(adsbygoogle = window.adsbygoogle || []).push({}); 1. The problem statement, all variables and given/known data

I have to show that [tex]\sum[/tex] ai x^{i}-> (a0 [tex]\sum[/tex] ai) is a ring homomorphism from C[x] to C x C

I then have to use the first isomorphism theorem to show that there is an isomorphism from C[x]/ (x(x-1)) to C x C where (x(x-1)) is the principal ideal (p) generated by the element p=x(x-1) of C[x]

It then asks is C[x]/(x(x-1)) an integral domain.

2. Relevant equations

First isomorphism theorem

3. The attempt at a solution

I think I may have done the first part but I'm a little unsure if my notation/understanding is fully correct, considering multiplication can I say f(([tex]\sum[/tex] ai x^{i})([tex]\sum[/tex] bj x^{j}) = f ([tex]\sum[/tex] (aibj) x^{k}) {summing over i+j=k} = (a0,[tex]\sum[/tex]ai)(bo,[tex]\sum[/tex]bj) = f([tex]\sum[/tex] ai x^{i}) f([tex]\sum[/tex] bj x^{j})

I'm more stuck on the second part. I think I am aiming to show that ker f = (x(x-1))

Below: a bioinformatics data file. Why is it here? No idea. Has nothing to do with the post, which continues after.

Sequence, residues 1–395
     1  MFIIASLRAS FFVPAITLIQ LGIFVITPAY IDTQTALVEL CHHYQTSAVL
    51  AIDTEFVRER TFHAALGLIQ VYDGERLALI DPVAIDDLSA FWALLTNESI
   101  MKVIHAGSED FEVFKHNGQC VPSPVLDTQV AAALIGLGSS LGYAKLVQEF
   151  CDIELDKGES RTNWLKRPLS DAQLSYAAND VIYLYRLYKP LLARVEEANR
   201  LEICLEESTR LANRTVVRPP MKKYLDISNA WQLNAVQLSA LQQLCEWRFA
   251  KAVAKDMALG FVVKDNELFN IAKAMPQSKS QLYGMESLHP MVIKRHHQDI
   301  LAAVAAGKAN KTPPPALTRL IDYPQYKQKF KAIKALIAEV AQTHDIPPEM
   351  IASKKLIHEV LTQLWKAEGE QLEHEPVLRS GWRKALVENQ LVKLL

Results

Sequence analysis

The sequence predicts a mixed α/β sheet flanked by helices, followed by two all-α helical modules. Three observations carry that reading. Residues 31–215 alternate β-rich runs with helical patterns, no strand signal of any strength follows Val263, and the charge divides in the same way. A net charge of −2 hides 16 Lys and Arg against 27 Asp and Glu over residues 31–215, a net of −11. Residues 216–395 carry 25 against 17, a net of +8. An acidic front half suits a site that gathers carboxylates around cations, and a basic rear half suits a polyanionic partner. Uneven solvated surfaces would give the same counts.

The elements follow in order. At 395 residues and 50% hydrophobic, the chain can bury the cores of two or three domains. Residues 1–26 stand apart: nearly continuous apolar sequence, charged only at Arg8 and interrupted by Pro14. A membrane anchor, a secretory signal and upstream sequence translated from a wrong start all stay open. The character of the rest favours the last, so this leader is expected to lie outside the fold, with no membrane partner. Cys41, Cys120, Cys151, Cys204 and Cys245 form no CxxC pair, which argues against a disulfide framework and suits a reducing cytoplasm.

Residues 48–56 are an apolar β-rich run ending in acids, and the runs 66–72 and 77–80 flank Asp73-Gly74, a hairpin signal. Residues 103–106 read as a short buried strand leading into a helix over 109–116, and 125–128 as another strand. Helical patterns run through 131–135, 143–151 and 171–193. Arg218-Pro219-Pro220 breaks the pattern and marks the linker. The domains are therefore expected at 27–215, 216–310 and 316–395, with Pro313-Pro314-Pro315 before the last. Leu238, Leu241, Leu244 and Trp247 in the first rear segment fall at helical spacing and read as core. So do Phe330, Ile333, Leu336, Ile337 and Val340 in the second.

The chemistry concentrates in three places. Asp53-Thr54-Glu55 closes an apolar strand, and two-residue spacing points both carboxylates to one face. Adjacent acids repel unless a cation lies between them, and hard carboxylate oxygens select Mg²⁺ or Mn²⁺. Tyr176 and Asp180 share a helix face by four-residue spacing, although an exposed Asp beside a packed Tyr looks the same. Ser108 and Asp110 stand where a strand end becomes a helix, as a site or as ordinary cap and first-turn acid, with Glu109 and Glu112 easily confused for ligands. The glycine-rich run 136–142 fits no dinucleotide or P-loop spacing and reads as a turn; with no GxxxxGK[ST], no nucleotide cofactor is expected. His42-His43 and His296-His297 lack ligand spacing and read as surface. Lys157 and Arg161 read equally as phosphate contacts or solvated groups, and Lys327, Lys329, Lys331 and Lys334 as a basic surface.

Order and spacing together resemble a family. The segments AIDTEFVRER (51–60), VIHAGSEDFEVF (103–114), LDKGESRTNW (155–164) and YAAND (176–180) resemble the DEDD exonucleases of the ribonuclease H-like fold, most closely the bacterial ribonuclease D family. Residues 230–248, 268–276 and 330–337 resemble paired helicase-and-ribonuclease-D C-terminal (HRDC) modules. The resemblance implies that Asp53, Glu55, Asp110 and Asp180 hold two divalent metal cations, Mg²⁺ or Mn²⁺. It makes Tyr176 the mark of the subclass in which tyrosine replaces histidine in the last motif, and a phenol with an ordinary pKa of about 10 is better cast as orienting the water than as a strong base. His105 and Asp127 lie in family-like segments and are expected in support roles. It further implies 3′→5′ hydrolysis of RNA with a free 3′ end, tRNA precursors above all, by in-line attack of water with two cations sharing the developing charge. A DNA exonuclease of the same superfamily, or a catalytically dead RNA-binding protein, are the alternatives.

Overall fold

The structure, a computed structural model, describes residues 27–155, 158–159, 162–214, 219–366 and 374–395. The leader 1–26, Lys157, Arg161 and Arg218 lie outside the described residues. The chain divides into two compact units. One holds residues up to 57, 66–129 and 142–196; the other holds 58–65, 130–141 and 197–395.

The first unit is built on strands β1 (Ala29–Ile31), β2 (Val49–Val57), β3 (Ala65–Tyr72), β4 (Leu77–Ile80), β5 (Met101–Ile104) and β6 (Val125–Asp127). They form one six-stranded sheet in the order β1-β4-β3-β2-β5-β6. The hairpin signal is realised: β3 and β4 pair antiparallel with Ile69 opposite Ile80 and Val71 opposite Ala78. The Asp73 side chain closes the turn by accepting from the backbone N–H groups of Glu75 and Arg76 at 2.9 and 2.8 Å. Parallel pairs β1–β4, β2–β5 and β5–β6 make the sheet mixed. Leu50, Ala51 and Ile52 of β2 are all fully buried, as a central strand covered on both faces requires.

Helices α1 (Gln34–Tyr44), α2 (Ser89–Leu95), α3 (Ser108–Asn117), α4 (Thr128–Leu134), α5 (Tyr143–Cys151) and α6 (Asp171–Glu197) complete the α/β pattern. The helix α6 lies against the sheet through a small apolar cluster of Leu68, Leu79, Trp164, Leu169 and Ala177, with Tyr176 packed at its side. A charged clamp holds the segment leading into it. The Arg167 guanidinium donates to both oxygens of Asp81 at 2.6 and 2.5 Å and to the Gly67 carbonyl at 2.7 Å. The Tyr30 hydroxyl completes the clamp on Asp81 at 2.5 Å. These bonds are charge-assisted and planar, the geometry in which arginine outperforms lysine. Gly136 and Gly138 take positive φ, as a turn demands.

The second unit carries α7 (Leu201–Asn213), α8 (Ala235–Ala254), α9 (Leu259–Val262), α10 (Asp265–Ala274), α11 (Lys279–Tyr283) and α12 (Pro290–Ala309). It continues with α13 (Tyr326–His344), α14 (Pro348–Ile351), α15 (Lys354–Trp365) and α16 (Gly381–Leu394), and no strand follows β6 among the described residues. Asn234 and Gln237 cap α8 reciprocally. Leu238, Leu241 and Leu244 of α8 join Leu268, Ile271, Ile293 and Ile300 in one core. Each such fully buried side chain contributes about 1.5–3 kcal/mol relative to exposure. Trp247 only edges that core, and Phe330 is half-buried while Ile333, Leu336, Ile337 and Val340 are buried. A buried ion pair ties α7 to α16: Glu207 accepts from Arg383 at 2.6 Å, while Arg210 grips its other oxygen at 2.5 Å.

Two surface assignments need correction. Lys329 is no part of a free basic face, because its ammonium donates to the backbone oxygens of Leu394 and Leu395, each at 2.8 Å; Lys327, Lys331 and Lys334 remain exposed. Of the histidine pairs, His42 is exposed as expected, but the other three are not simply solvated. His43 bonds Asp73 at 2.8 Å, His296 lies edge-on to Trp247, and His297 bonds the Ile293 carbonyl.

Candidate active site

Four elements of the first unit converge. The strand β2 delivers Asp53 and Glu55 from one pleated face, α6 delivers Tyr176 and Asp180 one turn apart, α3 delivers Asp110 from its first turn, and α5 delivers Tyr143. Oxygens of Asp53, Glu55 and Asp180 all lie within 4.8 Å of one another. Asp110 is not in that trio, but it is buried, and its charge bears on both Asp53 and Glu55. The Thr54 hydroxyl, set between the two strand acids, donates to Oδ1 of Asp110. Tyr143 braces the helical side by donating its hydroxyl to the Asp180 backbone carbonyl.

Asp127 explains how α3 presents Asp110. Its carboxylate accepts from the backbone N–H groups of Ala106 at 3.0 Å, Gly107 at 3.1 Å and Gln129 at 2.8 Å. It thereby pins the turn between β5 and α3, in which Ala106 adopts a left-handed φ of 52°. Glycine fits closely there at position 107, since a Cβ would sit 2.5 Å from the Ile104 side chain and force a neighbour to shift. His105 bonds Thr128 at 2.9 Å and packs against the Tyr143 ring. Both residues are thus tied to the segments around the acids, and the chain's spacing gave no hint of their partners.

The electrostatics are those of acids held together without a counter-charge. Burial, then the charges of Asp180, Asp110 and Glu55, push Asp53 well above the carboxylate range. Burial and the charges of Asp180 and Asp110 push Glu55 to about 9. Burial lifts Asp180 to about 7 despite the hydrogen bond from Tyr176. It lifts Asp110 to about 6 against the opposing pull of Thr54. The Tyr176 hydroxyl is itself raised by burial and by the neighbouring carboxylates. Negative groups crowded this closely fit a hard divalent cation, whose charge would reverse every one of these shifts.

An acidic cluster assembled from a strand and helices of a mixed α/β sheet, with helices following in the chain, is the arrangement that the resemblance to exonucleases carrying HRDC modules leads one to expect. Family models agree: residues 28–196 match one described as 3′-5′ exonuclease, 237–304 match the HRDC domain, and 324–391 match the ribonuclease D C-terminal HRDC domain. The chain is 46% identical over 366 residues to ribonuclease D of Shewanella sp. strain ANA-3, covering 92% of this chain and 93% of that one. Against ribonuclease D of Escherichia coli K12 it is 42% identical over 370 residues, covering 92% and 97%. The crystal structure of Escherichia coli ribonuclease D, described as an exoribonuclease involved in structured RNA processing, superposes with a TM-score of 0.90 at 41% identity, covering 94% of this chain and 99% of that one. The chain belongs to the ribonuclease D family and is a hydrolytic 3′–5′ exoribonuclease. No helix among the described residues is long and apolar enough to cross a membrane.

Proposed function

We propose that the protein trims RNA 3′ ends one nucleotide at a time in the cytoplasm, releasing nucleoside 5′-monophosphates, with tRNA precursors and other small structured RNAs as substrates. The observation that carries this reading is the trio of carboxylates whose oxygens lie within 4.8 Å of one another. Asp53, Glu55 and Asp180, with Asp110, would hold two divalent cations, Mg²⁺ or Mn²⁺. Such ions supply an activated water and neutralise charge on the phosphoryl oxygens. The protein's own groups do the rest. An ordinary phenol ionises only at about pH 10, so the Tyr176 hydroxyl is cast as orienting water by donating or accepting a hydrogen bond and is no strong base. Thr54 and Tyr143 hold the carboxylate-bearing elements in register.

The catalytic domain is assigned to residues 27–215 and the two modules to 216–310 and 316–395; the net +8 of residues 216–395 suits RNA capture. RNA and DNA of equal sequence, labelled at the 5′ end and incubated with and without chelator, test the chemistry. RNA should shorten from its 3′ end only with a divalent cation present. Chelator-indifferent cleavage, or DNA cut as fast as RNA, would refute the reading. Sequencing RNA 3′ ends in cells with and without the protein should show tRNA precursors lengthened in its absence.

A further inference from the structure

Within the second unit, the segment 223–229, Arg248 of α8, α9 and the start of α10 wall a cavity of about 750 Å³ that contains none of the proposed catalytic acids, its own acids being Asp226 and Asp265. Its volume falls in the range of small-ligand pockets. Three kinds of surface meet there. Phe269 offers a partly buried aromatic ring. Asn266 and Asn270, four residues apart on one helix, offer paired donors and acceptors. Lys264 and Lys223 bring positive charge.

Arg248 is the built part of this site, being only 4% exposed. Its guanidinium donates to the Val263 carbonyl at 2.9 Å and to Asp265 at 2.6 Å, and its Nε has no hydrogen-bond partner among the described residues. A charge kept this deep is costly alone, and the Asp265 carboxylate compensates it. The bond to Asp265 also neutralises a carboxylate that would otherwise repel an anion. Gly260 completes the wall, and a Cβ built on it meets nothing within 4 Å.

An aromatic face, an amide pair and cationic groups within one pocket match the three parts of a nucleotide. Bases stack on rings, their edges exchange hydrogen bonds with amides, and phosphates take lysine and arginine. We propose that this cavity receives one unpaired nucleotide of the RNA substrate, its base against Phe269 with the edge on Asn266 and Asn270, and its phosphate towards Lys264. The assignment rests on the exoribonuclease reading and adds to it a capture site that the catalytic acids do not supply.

ker f = {a0 + a1x + ... + anx^{n}: a0 = 0, a1 + ... +an = 0}

= {x (a1 + ... + anx^{n-1}) : a1+ ... +an =0}

Now I thought about trying to pull out a factor of x-1 but I don't think that would work?

I can see that x(x-1) does satisfy that there is no constant term and the sum of ai is 0 but I don't see how to get that all polynomials multiplied by it do.

Thanks :)

**Physics Forums | Science Articles, Homework Help, Discussion**

Join Physics Forums Today!

The friendliest, high quality science and math community on the planet! Everyone who loves science is here!

The friendliest, high quality science and math community on the planet! Everyone who loves science is here!

# Homework Help: First isomorphism theorem for rings

**Physics Forums | Science Articles, Homework Help, Discussion**